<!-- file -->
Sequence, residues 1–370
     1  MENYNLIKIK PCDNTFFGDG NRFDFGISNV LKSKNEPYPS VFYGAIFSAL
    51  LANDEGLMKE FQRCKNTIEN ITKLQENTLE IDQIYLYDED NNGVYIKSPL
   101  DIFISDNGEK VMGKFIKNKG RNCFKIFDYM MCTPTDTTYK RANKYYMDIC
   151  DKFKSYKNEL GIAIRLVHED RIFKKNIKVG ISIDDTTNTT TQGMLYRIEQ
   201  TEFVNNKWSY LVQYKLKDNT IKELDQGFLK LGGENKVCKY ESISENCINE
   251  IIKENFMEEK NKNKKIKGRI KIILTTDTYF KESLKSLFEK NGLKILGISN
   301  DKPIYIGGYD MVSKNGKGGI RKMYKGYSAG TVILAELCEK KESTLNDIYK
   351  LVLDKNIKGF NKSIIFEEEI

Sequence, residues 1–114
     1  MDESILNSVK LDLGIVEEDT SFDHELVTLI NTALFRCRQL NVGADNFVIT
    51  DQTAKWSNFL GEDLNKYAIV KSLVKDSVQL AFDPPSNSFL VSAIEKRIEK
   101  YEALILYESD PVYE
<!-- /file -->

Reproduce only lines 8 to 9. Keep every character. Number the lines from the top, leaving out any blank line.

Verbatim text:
   301  DKPIYIGGYD MVSKNGKGGI RKMYKGYSAG TVILAELCEK KESTLNDIYK
   351  LVLDKNIKGF NKSIIFEEEI